profitably used to stimulate memories.
8. Be sensitive to the needs of family members. Schedule your
sessions at a convenient time. Older people tire easily; cut
the interview off at the first sign of fatigue. Don't slight
family members who show interest in your project. Interview
them, even if you have reason to believe their material will
be of minimal value. Each interview should be a pleasant and
rewarding experience for all parties involved.
9. If possible, prepare some sort of written report for the
family as a tangible result of their participation. Remember
to save all of your tapes, notes and any other documentation
that you have accumulated (and you will!). Label everything
with names, dates and places. Ideally, all tapes should be indexed
and transcribed. You will be more conscientious about documentation
if you place yourself in the position of your great-grandchild
who, many decades in the future, will be using your project
as a source for his reconstruction.
A question of ethics:
Most of your relatives will be delighted by your new found
interest in collecting family folklore. Some will undoubtably
wonder if you've gone slightly mad. Unfortunately, a few may
be uncooperative and even hostile. Because of the personal nature
of the folklore that you will be collecting, you should be very
careful to protect the privacy and rights of all family members.
Be honest about your intent from the very beginning. Explain
your reasons for doing the research. Is it a school assignment?
Do you simply want to learn more about your family? Do you plan
to publish your findings? The ultimate disposition of the collection
may affect their willingness to talk about certain subjects.
You may find it difficult to explain what family folklore is
and why you want to record it. Your relatives will most likely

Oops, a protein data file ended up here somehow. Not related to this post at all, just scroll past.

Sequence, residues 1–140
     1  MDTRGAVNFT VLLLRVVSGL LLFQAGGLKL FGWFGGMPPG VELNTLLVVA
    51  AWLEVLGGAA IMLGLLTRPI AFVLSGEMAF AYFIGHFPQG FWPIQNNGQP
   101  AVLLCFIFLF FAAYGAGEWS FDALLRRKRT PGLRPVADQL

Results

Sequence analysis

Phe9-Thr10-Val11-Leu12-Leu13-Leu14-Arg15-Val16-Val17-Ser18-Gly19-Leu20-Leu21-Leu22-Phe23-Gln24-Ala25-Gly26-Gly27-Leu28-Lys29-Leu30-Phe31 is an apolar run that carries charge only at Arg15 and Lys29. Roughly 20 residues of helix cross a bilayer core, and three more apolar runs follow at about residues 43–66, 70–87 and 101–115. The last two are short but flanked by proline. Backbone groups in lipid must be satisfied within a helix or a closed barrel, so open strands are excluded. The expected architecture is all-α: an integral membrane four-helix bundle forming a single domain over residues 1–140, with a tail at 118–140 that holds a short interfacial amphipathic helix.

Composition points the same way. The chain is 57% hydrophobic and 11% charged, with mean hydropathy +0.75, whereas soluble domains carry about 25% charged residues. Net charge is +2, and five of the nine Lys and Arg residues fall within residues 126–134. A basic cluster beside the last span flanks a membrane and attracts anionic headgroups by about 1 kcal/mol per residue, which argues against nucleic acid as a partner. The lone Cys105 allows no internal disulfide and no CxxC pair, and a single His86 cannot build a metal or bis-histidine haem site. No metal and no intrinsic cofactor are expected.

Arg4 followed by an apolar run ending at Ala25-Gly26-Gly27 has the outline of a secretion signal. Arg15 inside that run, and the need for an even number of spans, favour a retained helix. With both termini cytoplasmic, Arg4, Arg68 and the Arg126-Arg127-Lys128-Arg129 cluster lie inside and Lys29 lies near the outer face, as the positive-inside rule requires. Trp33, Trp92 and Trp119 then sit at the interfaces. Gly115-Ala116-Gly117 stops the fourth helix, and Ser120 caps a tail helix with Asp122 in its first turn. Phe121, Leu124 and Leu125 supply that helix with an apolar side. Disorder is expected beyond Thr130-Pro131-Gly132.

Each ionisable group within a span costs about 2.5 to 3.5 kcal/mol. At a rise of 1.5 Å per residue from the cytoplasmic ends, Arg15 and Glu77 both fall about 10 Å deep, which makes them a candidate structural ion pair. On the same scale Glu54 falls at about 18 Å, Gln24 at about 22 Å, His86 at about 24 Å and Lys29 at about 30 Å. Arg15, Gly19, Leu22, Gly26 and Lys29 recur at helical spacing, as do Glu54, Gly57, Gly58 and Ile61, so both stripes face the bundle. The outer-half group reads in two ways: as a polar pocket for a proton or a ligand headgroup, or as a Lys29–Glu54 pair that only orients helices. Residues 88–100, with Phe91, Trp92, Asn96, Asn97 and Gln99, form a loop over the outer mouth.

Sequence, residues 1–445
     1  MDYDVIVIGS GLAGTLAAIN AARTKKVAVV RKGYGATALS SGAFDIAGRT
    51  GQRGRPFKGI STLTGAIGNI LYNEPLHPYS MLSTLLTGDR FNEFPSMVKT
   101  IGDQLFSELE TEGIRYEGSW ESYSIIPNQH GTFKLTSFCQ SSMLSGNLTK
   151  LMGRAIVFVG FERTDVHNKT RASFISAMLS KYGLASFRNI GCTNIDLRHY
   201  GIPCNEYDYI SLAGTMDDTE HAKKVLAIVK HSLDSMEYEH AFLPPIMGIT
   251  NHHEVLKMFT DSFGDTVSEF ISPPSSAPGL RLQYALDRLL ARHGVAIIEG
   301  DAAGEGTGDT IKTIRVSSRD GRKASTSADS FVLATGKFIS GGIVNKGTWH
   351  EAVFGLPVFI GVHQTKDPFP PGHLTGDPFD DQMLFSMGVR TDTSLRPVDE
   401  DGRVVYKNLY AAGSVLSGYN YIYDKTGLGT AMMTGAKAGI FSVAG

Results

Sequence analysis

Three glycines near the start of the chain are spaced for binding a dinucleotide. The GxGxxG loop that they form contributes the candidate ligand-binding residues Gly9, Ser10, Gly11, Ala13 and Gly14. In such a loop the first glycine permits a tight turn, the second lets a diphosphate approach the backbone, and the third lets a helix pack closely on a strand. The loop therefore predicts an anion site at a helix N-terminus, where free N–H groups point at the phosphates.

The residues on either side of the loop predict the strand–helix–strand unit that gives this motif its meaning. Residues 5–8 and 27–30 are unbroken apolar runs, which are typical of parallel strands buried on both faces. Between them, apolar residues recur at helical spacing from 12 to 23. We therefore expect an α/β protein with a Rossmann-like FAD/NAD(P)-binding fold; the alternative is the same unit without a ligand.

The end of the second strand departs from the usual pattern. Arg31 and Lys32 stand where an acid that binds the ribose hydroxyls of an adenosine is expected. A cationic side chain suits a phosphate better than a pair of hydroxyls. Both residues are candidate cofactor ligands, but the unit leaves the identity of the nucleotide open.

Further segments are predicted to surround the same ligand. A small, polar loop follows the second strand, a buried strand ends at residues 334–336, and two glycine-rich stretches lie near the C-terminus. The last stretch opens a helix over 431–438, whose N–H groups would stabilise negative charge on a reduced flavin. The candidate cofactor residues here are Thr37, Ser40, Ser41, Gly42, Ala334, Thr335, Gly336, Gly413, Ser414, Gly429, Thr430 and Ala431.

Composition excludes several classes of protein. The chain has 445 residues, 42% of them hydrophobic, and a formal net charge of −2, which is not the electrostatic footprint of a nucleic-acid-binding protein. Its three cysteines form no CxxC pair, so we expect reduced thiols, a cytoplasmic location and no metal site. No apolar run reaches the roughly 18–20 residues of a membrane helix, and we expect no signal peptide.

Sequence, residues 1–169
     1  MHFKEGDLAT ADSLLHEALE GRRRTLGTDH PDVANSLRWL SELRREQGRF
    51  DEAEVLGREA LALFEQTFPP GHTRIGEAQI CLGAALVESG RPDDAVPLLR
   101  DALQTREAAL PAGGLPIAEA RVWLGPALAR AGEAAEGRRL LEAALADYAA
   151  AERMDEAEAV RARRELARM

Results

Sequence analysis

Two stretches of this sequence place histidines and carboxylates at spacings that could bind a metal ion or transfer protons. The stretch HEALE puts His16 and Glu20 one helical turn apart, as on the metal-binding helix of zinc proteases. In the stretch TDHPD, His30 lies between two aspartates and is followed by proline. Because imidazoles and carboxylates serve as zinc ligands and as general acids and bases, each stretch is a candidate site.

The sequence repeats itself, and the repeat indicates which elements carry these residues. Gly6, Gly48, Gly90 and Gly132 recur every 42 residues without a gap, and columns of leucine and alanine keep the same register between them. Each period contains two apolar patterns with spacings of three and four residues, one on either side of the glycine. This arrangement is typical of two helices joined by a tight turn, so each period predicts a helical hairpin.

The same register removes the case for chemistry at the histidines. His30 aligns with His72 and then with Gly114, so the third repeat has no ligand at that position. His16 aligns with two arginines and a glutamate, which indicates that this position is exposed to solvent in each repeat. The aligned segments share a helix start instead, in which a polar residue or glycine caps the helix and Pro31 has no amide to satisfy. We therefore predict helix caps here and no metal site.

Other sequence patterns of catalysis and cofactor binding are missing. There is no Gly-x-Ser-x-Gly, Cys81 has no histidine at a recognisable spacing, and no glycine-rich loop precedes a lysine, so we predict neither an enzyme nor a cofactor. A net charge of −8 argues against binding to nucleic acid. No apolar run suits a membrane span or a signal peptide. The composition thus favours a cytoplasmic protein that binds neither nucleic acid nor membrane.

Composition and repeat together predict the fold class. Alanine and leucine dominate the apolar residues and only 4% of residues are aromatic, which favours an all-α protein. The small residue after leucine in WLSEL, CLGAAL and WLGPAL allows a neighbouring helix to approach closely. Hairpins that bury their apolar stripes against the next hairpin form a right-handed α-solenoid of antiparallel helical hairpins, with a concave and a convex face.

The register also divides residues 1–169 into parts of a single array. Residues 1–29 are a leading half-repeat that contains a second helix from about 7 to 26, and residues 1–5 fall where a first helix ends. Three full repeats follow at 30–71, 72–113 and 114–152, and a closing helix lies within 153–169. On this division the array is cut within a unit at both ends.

equate your research with genealogy and family history. No harm
will be done if you explain your research in those terms since
the areas are so interrelated.
Don't make promises you can't or don't intend to keep. If you
say that you will erase part of a tape, do so, even if it means
losing some important information. Respect confidences and privacy.
Let your informants see anything that will be published before
it is too late to alter the manuscript. The intimate nature
of family folklore places burdens on the researcher that are
restrictive and sometimes frustrating. Fortunately, the bulk
of your collection will be non-controversial. One last ground
rule: Never, under any circumstance, record secretly. There
is never any justification for such dishonesty. Such behavior
can only result in bad feelings within the family.
Please do not be discouraged by all the do's and don't's that
we have outlined in these pages. Once you have begun collecting
your own family's folklore you will realize that the guidelines
are based on common sense and lots of practice. Vary them to
suit your own family circumstances. Improve them with our blessing
and encouragement. And above all, enjoy yourself, your family
and your folklore.
A Possible Questionnaire:
Every family is unique. Every folklore fieldworker has his
or her own special interest and style of interviewing. Because
of this diversity, we feel strongly that no single set of questions
will successfully elicit family folklore from all families.
The most useful questions will be those that you develop through
your knowledge of yourself and your family. For your initial
efforts you may find the following list of questions helpful.
Just remember that they are meant to be suggestive, not absolute.
Pick and choose among them as you see fit. By all means change
the wording to suit your own situation and personality.
1. What do you know about your family surname? Its origin?
Its meaning? Did it undergo change coming from the Old Country
to the United States? Are there stories about the change?
2. Are there any traditional first names, middle names or nicknames
in your family? Is there a naming tradition, such as always
giving the firstborn son the name of his paternal grandfather?